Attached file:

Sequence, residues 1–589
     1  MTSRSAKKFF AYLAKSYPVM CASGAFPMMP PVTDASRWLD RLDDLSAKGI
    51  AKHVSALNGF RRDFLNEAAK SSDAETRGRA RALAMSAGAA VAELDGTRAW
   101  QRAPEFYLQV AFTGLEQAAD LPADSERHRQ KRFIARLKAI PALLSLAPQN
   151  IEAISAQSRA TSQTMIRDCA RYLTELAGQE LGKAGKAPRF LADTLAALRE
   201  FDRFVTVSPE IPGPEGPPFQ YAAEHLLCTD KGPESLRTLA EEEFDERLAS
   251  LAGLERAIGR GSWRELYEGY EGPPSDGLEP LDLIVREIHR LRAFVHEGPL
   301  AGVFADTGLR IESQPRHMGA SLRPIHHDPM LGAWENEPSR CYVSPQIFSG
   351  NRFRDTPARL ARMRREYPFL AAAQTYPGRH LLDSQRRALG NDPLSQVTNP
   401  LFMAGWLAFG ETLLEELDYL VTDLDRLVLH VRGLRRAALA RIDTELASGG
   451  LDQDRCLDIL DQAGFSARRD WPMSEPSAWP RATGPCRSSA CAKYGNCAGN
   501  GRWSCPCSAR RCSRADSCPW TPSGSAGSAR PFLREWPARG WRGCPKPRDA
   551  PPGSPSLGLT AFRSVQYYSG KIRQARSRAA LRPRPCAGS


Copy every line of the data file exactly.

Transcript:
Sequence, residues 1–589
     1  MTSRSAKKFF AYLAKSYPVM CASGAFPMMP PVTDASRWLD RLDDLSAKGI
    51  AKHVSALNGF RRDFLNEAAK SSDAETRGRA RALAMSAGAA VAELDGTRAW
   101  QRAPEFYLQV AFTGLEQAAD LPADSERHRQ KRFIARLKAI PALLSLAPQN
   151  IEAISAQSRA TSQTMIRDCA RYLTELAGQE LGKAGKAPRF LADTLAALRE
   201  FDRFVTVSPE IPGPEGPPFQ YAAEHLLCTD KGPESLRTLA EEEFDERLAS
   251  LAGLERAIGR GSWRELYEGY EGPPSDGLEP LDLIVREIHR LRAFVHEGPL
   301  AGVFADTGLR IESQPRHMGA SLRPIHHDPM LGAWENEPSR CYVSPQIFSG
   351  NRFRDTPARL ARMRREYPFL AAAQTYPGRH LLDSQRRALG NDPLSQVTNP
   401  LFMAGWLAFG ETLLEELDYL VTDLDRLVLH VRGLRRAALA RIDTELASGG
   451  LDQDRCLDIL DQAGFSARRD WPMSEPSAWP RATGPCRSSA CAKYGNCAGN
   501  GRWSCPCSAR RCSRADSCPW TPSGSAGSAR PFLREWPARG WRGCPKPRDA
   551  PPGSPSLGLT AFRSVQYYSG KIRQARSRAA LRPRPCAGS